Author Topic: Malware Detection, Removal and Some Simple Rules to Avoid Frustration - Updated  (Read 4477 times)


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Having anti-virus and anti-malware software on your computer does not always protect it. I had ZoneAlarm on my system when my computer became infected with a rootkit from a rogue web page - this is sometimes called a drive-by infection

This malware changed my desktop to a huge 'WARNING Your're computer is infected', etc. (deliberate misspelling), destroyed all of my system restore points, changed fonts, etc., etc. The purpose is to scare you into downloading a rogue anti-virus software package, which actually infects your system. The current  rogueware is called "PC AntiSpyware 2010", which has also been distributed in a number of other ways.

This scareware will inform you of multiple infections on your system, none of which are real (apart from itself of course) ... you are then invited to purchase the software for $90, using your credit card details, which the authors will then sell or use to purchase lots of goodies for themselves.

The rootkit is annoying, but can be removed - however your system might become slow/unstable as a result of the changes the rootkit makes.

Below are fully checked links if you need help with malware problems.

1/ The Microsoft page that deals with malware, entitled 'How to tell if your computer is infected with spyware':

2/ The link to Microsoft's Malware Removal Tool - this is useful, but quite limited in its scope - update it regularly:

3/ A very useful tool, MalwareBytes' Anti-Malware, this is the free tool I used to clean my own computer when all other paid-for software failed to find it - it found 34 infections and removed them.


Malwarebytes now provides a rootkit specific tool called Malwarebytes Anti-Rootkit and you can download if from here:

You should also download the software called Chameleon which will force Malwarebytes software to run even if malware tries to prevent it - and most of the worst kinds of malware prevent all antivirus and malware removal tools from working or updating.

These are easy to use and very effective.

4/ If all else fails then go to this forum, where they will take you through every step to a clean computer.

Of course, the best advice is to be careful about what you download, open or even visit, but my own experience proves that careful is not enough.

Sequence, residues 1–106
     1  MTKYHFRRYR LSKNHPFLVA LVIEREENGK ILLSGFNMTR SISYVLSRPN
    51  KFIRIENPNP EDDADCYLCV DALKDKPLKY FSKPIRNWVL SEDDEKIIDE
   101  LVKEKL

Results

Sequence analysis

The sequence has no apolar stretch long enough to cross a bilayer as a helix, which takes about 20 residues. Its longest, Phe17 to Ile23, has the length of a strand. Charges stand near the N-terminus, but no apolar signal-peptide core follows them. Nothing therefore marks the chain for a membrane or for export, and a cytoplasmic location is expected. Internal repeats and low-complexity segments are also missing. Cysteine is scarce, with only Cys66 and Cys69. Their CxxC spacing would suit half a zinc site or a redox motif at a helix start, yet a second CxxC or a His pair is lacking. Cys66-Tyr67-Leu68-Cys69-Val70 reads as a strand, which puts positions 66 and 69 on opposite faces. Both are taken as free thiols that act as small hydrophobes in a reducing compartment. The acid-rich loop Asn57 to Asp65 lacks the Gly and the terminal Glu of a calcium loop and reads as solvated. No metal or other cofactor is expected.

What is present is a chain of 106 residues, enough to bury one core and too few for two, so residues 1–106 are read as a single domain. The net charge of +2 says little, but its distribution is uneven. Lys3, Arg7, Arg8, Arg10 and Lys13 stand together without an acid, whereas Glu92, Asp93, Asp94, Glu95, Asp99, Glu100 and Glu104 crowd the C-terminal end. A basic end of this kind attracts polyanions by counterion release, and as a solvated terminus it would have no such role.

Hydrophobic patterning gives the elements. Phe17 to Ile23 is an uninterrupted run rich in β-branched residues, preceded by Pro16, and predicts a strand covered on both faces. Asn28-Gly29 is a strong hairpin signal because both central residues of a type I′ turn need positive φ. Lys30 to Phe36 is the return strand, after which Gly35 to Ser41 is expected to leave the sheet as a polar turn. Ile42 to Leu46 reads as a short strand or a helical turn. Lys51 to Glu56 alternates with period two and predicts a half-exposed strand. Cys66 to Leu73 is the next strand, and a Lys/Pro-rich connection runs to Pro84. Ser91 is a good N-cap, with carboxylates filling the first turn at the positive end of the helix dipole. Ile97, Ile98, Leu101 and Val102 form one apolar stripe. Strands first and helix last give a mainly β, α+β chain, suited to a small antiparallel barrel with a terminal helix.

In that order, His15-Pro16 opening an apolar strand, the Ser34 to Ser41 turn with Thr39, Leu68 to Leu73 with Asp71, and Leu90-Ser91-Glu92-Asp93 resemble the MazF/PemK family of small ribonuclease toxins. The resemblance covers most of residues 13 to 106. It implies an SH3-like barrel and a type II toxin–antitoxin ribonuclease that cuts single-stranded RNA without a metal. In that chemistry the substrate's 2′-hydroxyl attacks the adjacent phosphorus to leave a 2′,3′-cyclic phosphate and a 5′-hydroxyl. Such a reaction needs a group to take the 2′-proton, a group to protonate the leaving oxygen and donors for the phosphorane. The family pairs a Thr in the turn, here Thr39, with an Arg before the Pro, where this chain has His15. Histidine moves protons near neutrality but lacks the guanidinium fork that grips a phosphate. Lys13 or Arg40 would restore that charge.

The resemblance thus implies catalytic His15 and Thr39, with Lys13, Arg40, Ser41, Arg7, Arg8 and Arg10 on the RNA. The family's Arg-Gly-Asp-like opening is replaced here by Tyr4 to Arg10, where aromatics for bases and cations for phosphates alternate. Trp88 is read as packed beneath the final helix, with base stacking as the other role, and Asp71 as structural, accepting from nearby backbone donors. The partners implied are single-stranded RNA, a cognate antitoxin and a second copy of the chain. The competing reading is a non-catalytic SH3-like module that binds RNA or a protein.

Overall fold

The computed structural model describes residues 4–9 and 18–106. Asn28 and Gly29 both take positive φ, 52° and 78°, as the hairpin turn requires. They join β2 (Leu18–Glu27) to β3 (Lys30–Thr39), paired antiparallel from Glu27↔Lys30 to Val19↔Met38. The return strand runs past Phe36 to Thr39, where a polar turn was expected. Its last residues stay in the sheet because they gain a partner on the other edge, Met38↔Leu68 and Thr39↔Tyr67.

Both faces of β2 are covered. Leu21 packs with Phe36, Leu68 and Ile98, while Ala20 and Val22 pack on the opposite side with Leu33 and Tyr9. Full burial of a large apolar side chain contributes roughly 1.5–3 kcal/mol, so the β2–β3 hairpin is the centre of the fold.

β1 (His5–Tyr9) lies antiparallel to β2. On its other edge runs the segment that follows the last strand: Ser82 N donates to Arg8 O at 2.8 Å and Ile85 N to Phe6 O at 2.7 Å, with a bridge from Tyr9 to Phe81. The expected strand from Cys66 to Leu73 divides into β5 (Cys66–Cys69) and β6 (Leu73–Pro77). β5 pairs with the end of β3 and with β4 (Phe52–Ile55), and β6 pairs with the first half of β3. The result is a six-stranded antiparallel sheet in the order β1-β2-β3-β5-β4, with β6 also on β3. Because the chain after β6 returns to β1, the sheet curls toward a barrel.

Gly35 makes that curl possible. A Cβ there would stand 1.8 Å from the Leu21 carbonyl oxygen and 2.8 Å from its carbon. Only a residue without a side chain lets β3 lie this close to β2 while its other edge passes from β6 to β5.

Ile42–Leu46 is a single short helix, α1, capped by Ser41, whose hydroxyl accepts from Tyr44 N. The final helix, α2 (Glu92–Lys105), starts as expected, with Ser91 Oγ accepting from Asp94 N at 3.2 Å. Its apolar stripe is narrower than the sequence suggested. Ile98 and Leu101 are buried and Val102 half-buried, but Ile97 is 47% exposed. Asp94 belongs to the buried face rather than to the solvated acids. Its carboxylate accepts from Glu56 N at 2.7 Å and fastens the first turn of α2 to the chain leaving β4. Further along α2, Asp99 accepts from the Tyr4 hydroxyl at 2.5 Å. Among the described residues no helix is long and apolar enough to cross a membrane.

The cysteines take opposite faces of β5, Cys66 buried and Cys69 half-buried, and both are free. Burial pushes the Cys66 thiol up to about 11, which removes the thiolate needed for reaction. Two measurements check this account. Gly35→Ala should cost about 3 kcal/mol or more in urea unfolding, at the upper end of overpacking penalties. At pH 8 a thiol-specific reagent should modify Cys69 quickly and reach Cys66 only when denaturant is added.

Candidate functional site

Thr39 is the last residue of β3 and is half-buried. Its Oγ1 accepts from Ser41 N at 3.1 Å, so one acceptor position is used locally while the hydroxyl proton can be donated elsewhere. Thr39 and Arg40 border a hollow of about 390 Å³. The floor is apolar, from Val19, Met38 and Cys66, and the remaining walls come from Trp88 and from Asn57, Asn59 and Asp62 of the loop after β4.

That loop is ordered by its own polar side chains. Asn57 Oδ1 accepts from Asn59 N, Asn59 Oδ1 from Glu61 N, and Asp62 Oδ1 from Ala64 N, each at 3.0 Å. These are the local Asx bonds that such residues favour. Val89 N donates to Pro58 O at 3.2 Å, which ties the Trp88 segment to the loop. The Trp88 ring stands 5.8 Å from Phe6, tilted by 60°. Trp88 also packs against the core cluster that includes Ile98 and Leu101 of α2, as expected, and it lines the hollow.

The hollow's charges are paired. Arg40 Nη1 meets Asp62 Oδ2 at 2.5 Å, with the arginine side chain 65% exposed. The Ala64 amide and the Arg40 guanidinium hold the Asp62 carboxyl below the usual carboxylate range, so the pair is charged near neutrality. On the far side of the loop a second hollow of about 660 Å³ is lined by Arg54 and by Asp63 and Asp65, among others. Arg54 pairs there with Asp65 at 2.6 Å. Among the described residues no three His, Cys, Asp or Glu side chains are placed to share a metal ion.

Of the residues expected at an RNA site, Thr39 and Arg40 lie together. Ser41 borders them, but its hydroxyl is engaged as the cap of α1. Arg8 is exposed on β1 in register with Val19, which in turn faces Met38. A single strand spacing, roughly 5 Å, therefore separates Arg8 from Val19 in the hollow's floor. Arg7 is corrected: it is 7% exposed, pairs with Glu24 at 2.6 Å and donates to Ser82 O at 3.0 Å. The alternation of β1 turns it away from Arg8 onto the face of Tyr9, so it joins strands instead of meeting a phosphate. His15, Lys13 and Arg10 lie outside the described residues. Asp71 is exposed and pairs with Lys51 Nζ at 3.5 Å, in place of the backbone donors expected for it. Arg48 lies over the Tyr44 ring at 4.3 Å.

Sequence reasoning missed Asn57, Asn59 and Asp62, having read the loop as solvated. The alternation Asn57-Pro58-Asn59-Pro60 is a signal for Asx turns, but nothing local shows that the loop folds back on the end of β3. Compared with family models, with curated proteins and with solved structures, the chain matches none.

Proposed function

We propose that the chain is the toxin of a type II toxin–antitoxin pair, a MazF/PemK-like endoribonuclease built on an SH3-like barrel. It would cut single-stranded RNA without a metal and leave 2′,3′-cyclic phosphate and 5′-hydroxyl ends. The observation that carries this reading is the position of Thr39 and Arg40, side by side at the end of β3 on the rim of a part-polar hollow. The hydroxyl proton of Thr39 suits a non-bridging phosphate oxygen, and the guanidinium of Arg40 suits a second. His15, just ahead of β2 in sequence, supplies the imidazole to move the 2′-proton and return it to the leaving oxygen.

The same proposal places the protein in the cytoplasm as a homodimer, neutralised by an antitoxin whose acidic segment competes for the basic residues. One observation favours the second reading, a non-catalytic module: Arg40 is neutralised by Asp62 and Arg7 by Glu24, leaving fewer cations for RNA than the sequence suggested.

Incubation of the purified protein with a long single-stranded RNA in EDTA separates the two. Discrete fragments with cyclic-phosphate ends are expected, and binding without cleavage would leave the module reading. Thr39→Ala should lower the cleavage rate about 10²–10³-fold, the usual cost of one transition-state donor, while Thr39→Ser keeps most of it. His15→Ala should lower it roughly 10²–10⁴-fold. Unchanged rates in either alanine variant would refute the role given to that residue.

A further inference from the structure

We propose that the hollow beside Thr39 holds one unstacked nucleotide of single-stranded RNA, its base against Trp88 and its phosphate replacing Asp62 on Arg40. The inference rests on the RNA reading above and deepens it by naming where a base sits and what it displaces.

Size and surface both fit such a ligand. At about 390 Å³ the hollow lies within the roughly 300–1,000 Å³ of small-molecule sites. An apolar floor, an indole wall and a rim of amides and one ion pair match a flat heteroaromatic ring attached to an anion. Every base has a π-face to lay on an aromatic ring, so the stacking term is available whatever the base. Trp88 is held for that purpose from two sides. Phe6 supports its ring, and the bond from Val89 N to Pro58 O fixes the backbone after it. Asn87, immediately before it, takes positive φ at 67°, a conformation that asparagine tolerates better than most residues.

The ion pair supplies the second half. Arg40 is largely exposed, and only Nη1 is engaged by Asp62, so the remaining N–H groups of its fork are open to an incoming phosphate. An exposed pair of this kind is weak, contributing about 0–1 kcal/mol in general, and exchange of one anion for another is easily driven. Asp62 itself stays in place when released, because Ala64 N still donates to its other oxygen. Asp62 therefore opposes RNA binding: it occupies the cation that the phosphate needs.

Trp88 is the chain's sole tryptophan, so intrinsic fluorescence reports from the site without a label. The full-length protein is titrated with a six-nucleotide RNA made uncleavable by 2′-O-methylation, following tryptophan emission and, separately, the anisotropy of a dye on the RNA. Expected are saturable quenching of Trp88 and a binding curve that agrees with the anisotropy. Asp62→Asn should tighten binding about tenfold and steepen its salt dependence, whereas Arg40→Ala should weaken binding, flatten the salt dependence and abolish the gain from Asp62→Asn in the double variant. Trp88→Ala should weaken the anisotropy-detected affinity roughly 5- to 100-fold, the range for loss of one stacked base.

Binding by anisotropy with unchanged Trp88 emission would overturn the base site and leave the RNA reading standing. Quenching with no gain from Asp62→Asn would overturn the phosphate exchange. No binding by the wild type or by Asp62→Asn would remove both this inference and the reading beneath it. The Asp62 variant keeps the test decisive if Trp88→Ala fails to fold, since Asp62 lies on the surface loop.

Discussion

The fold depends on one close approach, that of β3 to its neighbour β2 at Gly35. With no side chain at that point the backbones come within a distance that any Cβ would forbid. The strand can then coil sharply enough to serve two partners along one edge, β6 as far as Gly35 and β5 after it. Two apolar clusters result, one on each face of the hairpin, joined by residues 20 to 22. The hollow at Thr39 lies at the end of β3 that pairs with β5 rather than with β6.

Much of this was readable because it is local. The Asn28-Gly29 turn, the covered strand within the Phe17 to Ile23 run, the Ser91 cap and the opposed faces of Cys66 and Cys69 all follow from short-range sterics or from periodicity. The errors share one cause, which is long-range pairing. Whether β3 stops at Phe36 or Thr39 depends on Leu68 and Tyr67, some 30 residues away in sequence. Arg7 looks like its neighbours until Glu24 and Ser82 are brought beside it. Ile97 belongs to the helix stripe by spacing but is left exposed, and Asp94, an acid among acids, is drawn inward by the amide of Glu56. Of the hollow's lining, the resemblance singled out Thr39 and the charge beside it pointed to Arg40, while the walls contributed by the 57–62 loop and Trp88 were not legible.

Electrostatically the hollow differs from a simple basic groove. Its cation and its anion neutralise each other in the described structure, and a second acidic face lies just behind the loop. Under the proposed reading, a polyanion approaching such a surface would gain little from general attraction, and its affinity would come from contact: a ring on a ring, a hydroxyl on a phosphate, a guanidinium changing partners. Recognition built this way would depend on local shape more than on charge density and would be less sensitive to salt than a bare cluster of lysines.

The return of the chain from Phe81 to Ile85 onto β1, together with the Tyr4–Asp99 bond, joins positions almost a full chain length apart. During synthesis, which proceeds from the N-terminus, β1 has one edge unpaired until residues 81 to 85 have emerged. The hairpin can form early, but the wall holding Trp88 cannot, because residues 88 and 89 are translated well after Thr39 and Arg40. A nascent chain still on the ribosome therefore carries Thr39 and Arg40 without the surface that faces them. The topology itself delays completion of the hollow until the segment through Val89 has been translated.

In the end, after two months of struggling with problems, I reformatted my drive and reinstalled everything - I am sure that we all know how frustrating that can be.

This was a regular occurrence when I was in the ashram computer room and we formulated a very simple solution to it - which today is even easier to implement.

After installing all of the clean software packages, configuring and updating them, we then used Norton Ghost to make a backup of the 'C' drive to an external drive (there are many other programmes out there that will do the same thing). This was then removed and used to 'ghost' the original setup in the event of problems - it took an average of 30 minutes to format and get a system back to full working order.

With the advent of USB drives it is even easier these days to copy the boot drive.

We also made a point of not keeping any data on the 'C' drive, including emails and documents - it is used only for software. This enabled us to format and reload the boot drive without having to scratch our heads to remember if there was any data we forgot to back up before reformatting.

Some malware will totally disable your drives and you won't have the option to backup any data, so I also recommend that you purchase an external drive and always back up your work on a daily basis.

These are very simple and very basic steps that will make life a lot easier in the event of infections or hardware problems.


« Last Edit: August 24, 2013, 12:57:03 PM by Graham »